New Green Steel Tracker gathers information about low-carbon steel investments.
For the first time, we have a clearer picture of the direction of future steel production.
What prompted the idea to create a database for green steel production?
Valentin Vogl: I was participating in a UK event where there are plans to build a new coal mine to extract coking coal for the steel industry. Many people around the world still believe that it takes coal and blast furnaces to produce steel. That is despite the fact that we are already seeing the first huge investments in different technologies for low-carbon steel production. When I wanted to use these investments as an argument at the UK debate, I noticed that I was lacking robust data sources to back up my argument.
Felipe Sanchez: At the Leadership Group for Industry Transition (LeadIT), we were keen to collaborate with Valentin and a group of like-minded researchers across a number of organizations. The project resonates with our aim of accelerating transition towards low-carbon pathways in line with the Paris Agreement. Tracking investments in green steel also fits nicely with our efforts to provide evidence and knowledge that prompts action on industry transition. In particular, our Industry Transition Tracker and our industry insights.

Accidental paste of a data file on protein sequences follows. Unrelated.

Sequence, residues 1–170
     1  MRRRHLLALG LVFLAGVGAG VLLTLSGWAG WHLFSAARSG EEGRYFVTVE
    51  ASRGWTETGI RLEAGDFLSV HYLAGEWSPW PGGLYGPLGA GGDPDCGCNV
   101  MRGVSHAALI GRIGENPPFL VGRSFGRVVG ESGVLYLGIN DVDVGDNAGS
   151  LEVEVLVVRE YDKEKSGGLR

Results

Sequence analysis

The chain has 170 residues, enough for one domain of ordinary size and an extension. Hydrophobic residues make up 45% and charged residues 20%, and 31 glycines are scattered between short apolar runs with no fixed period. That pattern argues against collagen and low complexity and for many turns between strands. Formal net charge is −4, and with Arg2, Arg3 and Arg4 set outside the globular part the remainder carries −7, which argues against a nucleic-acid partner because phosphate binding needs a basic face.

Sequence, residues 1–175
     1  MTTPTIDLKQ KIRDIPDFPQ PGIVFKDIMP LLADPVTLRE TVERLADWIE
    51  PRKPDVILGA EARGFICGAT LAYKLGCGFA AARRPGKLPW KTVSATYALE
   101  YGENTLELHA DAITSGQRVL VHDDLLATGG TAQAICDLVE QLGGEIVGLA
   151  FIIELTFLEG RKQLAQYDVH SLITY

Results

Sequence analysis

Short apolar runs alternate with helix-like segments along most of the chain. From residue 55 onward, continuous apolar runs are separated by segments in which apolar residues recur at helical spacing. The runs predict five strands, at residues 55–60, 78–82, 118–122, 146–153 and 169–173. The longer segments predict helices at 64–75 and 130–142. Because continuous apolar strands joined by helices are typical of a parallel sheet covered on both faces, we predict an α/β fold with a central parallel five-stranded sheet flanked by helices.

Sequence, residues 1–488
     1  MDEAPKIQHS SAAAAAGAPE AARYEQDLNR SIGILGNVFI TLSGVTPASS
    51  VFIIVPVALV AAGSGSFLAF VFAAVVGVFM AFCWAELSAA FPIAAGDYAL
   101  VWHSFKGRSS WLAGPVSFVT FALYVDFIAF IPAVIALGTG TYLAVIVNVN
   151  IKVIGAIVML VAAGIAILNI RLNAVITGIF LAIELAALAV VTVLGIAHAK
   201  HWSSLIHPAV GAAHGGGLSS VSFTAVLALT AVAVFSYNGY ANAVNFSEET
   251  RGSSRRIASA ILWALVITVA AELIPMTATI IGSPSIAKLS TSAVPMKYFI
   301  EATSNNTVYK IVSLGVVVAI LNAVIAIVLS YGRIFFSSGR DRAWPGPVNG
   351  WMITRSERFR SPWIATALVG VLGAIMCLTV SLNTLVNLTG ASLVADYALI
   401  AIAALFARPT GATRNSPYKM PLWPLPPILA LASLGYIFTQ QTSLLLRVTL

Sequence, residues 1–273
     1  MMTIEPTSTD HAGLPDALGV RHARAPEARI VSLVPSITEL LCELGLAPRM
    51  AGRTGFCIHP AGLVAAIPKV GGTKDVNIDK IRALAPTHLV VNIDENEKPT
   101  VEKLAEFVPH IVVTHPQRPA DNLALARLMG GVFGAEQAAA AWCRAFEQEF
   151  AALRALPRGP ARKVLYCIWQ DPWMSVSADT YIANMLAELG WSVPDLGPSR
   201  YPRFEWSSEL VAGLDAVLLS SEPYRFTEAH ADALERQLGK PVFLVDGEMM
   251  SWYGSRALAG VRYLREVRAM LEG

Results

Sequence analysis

Who is this database for?
Valentin Vogl: My colleagues and I at Lund University will use the Green Steel Tracker in our research within the HYBRIT RP1 project – a project in partnership with Stockholm Environment Institute (SEI).
Approximately ten other research institutes contribute to the database, and they all find it valuable for their own research purposes. Beyond academia, we hope that the database will inform debates on the future of steel-producing regions, and contribute to dispelling the myth that steel cannot be produced without coal.
Felipe Sanchez: We also see it as a useful tool for policymakers, industry leaders and investors. For the first time we have a clearer picture of the direction of future steel production. Ultimately, data can inform better decision-making – whether it is assessing the right intervention points for R&D policy or questioning whether the business case for investing in carbon-intensive production is built on solid foundations.
What plans do you have to grow and improve the database?
Felipe Sanchez: We aim to update the database regularly to make sure it keeps up with future announcements that we expect to see, given the recent trend in green investments.
In terms of improvements, we will be looking to pull out particular data points to make them more visually engaging. We hope that this will make it easier to spot the interesting stories within the data.
Green technologies for the steel industry are rapidly emerging, and companies make ambitious announcements about low-carbon investments and innovations.
The Green Steel Tracker is a database which reviews these announcements and organizes the information available.
The data may help decision-makers in industry and policy to develop strategies for new technologies and show how fast climate targets can be met in the steel sector.
The database is a collaboration between research and non-governmental organisations, and is hosted by LeadIT.
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